Why does one go to the Theatre? Is it to be entertained? Is it to appreciate the beauty of the language, the acting and the staging? Is it to be thrilled by the tightness of the plot or the coups de theatre that the director offers us? Or is it to get a unique insight into the nature of the human condition?
One thing is for sure - a Sarah Kane play is not a feel-good experience. In the dystopian vision of the near future that is Blasted, Ian, a man of no redeeming qualities, meets Cate, his former girlfriend, in a Leeds hotel room. Ian is dying, but is after only one thing. He rapes the girl. Soldiers are invading the city, and Cate escapes just before one bursts into the Hotel room. The room however is destroyed in a huge explosion (magnificently done), but Ian and the soldier survive. The soldier rapes Ian, then, in a terrible parody of the binding of Gloucester, sucks out his eyes and chews them. Then the soldier shoots himself, leaving Ian to starve. Cate returns with a dead baby, and then leaves to prostitute herself with the soldiers in order to get some provisions - in desperation, Ian eats the flesh of the baby. Cate returns, with some food and a bottle of Gin. The play ends as she cradles his sightless head in her arms an feeds him drops of gin, and he says "Thank you".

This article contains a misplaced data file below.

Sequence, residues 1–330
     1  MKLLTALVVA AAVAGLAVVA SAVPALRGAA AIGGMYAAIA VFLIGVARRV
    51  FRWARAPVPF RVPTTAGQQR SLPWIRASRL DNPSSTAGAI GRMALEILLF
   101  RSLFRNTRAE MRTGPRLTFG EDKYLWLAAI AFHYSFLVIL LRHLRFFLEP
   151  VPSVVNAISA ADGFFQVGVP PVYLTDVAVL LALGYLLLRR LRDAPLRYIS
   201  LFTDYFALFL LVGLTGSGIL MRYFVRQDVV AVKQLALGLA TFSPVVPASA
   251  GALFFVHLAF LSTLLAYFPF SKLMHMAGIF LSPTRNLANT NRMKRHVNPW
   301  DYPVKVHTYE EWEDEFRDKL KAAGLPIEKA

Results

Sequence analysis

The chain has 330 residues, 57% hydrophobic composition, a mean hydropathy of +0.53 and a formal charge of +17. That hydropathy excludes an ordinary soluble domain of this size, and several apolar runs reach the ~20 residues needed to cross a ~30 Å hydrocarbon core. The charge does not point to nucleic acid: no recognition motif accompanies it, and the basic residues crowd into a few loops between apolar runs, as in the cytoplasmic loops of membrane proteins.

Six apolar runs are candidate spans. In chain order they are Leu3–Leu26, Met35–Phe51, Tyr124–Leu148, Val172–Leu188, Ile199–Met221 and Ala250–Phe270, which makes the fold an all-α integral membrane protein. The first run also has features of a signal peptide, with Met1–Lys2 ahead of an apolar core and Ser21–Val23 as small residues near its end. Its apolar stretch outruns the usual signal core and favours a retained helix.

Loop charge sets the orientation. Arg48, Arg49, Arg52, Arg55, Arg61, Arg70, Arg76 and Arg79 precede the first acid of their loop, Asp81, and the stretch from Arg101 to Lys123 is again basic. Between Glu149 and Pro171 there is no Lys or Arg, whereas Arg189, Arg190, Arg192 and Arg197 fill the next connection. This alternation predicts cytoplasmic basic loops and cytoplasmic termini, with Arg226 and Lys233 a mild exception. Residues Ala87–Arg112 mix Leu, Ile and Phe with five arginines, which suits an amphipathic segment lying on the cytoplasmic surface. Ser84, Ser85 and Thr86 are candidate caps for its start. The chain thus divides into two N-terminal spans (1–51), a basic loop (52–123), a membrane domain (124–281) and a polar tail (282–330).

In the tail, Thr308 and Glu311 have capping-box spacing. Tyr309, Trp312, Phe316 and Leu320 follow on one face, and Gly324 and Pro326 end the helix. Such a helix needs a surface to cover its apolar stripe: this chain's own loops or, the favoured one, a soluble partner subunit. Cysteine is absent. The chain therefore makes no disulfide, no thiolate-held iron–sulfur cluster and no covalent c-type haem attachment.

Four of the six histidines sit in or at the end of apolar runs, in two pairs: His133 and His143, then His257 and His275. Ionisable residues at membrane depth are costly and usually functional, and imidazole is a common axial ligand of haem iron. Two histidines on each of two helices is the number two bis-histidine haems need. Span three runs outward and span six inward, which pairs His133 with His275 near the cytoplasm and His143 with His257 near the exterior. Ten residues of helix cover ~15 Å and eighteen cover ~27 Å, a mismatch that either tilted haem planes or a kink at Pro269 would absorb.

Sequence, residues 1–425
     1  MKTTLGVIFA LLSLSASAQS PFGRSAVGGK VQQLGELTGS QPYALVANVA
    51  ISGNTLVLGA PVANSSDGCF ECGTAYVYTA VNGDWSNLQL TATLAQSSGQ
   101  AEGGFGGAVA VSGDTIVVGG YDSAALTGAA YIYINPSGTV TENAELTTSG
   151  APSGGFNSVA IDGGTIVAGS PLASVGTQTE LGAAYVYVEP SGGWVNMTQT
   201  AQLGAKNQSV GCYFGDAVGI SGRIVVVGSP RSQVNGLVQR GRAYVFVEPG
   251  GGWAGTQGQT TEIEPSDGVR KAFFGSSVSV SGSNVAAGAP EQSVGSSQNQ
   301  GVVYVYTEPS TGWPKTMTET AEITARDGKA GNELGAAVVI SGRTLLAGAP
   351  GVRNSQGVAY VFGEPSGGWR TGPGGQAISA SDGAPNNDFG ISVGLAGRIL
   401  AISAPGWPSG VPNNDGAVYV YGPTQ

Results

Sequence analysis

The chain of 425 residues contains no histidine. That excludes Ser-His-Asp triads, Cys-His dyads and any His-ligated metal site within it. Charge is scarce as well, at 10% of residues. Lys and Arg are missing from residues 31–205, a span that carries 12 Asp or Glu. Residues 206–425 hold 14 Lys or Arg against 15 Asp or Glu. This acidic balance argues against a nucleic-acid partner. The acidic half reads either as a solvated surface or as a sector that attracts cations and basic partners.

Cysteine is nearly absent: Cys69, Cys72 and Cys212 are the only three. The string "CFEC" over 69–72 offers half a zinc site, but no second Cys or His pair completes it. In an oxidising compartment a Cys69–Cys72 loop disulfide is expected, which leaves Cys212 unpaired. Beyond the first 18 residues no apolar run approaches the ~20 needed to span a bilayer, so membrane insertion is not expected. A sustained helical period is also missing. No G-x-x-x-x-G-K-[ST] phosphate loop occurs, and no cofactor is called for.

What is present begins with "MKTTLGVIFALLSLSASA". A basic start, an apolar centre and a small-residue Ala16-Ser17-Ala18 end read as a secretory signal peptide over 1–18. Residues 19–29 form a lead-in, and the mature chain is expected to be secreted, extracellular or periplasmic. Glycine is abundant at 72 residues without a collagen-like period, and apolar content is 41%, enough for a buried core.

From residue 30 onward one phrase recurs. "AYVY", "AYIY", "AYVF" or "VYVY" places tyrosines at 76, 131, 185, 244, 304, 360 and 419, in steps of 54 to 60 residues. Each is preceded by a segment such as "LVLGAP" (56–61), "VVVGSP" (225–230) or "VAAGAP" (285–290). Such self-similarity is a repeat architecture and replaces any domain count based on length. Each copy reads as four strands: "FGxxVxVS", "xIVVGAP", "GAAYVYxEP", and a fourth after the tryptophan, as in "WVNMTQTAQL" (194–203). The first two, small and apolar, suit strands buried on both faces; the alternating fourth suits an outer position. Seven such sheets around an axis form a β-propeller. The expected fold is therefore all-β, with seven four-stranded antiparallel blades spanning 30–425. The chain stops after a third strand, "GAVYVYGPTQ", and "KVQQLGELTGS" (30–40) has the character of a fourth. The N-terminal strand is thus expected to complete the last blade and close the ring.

This nightmare vision is unredeemed by anything except for the occasional flash of black humour, the language at all times harsh, stark and brutal. Yet it works powerfully as theatre - one's initial sympathy for Cate is finally shared with the contemptible Ian for all the horrors that he must endure, and even the soldier, whose grossness and barbarity is all-encompassing, has himself in turn lost a woman he loved to a brutal murder. But it is a harsh, unremitting vision.
This was an excellent production using a revolving stage to signify the passage of time, and to offer different perspectives on the hotel room. The totally unexpected bomb explosion is a transforming moment, the hotel furniture rising ceilingward, debris falling to the stage in a torrent of light and sound. Apocalyptic, spectacular, but still true to the bleak vision of the play.
The acting was magnificent throughout. Katharina Schuettler as Cate managed to convey both vulnerability and toughness. She will survive. Ulrich Muehe as Ian managed to convey the transformation from a deeply offensive, unattractive character, to one who will engage our sympathies before the end. And the massive, immovable Thomas Thieme as the Soldier simply oozed amoral brutality.
It is difficult to describe the pleasure one gets from watching such an uncompromising piece of work. Appreciation of fine acting and staging for sure. Yet throughout the bleakness there is always a tiny ray of hope that, in some way, the characters may find peace. Maybe not for long, maybe in death - but in Ian's final acknowledgement of Cate as he says "Thank you" for the gin he has discovered a part of his humanity which had previously been missing and thus achieves some form of redemption.